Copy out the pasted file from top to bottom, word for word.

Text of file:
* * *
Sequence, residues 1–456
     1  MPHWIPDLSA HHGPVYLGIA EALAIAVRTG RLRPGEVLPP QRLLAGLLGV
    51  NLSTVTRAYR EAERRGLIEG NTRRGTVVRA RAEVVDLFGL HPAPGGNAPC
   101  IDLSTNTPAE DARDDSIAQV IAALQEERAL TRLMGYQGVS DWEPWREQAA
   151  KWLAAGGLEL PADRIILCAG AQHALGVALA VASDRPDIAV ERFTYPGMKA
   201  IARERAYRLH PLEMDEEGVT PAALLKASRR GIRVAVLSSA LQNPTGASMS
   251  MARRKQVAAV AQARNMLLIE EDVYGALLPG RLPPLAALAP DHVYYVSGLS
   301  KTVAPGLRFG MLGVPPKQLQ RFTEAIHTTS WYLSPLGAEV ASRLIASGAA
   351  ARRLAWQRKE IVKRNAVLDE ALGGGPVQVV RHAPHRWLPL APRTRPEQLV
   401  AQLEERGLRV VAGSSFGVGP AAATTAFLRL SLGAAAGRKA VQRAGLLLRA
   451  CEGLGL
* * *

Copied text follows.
Sequence, residues 1–456
     1  MPHWIPDLSA HHGPVYLGIA EALAIAVRTG RLRPGEVLPP QRLLAGLLGV
    51  NLSTVTRAYR EAERRGLIEG NTRRGTVVRA RAEVVDLFGL HPAPGGNAPC
   101  IDLSTNTPAE DARDDSIAQV IAALQEERAL TRLMGYQGVS DWEPWREQAA
   151  KWLAAGGLEL PADRIILCAG AQHALGVALA VASDRPDIAV ERFTYPGMKA
   201  IARERAYRLH PLEMDEEGVT PAALLKASRR GIRVAVLSSA LQNPTGASMS
   251  MARRKQVAAV AQARNMLLIE EDVYGALLPG RLPPLAALAP DHVYYVSGLS
   301  KTVAPGLRFG MLGVPPKQLQ RFTEAIHTTS WYLSPLGAEV ASRLIASGAA
   351  ARRLAWQRKE IVKRNAVLDE ALGGGPVQVV RHAPHRWLPL APRTRPEQLV
   401  AQLEERGLRV VAGSSFGVGP AAATTAFLRL SLGAAAGRKA VQRAGLLLRA
   451  CEGLGL